Developer Tips: NFC Tags in App Development
Developer Tips: NFC Tags in App Development
Learn how your app can use NFC, or Near Field Communication, for geolocation, authentication, contactless payments, and more.
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Do you wonder what NFC is? How NFC technology can be used in mobile apps? Or how to code your first Android NFC app? Well, you don’t have to anymore. Here you’ll find the answers to all your NFC questions!
What Is NFC?
Near Field Communication (NFC) is a short-range, low-power communications protocol between two devices. It allows the transfer of small amounts of data wirelessly over a relatively short distance (the distance must be less than 10 cm) at rates ranging from 106 kbit/s to 424 kbit/s.
In the passive mode, the active device – the initiator (which is the device that starts the communication) – generates an electromagnetic field that powers the passive device – the target (which is the device that receives the initial signal from the initiator). Then, the target modulates this energy in order to send data back to the initiator.
In the active mode, the initiator and the target both have power supplies. The two devices use alternate signal transmissions to send data to each other. In other words, both devices generate an electromagnetic field and send data by modulating that field.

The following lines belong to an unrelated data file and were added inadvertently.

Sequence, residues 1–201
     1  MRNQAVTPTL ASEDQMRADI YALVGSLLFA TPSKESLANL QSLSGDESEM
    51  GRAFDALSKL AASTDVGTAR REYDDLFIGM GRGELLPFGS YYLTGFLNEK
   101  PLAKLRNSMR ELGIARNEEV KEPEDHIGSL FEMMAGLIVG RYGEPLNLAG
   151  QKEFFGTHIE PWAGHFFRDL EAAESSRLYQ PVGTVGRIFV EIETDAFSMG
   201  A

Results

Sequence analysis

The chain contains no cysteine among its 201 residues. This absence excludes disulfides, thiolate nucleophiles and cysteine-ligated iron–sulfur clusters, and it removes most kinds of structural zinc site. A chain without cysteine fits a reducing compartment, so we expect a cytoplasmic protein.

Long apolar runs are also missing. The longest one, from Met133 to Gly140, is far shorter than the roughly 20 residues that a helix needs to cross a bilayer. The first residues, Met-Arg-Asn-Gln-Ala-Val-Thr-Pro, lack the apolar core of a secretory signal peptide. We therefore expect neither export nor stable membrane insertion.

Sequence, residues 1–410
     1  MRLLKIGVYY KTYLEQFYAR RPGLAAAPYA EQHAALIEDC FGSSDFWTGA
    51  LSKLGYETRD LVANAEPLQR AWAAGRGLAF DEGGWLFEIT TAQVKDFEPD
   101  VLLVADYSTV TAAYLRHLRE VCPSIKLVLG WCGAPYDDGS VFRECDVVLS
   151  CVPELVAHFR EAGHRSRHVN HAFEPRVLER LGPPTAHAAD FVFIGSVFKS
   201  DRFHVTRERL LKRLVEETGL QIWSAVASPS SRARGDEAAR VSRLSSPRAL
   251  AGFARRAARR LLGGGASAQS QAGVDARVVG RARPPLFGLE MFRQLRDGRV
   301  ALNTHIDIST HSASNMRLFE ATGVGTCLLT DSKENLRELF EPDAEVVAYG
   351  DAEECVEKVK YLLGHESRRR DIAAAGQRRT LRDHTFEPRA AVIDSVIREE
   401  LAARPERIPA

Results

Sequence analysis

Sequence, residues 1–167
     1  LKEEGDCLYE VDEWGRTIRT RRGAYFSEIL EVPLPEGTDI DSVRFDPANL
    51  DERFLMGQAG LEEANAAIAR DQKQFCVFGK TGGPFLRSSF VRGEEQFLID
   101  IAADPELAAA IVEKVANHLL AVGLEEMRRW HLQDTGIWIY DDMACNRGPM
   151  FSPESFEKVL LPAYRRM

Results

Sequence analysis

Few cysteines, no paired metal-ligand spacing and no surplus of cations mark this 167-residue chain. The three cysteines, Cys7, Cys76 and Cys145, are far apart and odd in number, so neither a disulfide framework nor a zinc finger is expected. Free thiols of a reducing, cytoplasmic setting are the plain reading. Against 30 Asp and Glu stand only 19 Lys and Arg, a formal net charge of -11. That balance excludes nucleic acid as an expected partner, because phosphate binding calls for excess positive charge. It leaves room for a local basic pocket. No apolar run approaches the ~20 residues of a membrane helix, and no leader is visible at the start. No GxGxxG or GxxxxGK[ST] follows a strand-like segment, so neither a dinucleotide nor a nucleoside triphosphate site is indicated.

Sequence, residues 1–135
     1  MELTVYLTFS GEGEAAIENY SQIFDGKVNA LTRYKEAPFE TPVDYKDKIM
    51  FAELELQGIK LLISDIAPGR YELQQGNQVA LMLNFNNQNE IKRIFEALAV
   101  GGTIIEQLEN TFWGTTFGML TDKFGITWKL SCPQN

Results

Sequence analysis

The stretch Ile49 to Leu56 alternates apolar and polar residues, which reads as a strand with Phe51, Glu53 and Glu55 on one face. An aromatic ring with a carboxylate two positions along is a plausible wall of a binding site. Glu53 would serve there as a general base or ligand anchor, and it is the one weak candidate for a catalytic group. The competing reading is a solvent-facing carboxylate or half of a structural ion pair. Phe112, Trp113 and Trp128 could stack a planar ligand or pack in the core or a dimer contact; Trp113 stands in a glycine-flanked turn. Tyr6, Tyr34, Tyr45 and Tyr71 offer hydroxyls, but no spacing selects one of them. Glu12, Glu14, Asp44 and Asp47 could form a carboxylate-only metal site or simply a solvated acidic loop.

NFC technology is mainly aimed at mobile devices. It allows simple and safe two-way interactions between electronic devices.
Main NFC modes are:
- Reader/Writer Mode: In this mode, an NFC device can read an NFC tag and write data on it.
- Peer-to-Peer Mode: Two NFC devices can exchange data.
- Card Emulation Mode: An NFC device appears to an external reader much the same as a traditional contactless smart card.
Main Areas of NFC Use
- Notes: Tags can be used everywhere where you need to mark an information about an object. For example, as an advertisement on a poster, a history of a museum exhibit, or a product in a shop.
- Geolocation: Marking a location in space is another use of NFC tags. By using special apps, you can trigger actions when the app detects such a tag.
- Authentication: Locks, doors, and turnstiles check the code of an NFC pass-tag and decide whether or not to grant access.
- Internet of Things: NFC can enable a wide range of IoT devices and applications in a smart home system. Thanks to their unique features, NFC specifications are the base of an excellent user experience and extend a smart home ecosystem even to unconnected and unpowered devices at a very low cost.
- Contactless Payments: Many international payment systems, like MasterCard, allow the use of a smartphone with NFC as a credit card.
- Ticketing: Cities all over the world use NFC mobile ticketing in their public transport. In this case, an NFC phone can perform the role of a transport card or read and inform the user about card balance, travel history, and other data. Also, NFC tags can be placed in buses and trams, so you can buy a ticket via a public transport app by enclosing your phone to the tag.
How to Code Your First NFC Android App
How can you develop NFC in a mobile application? Here’s a short NFC programming guide.
Adding NFC Support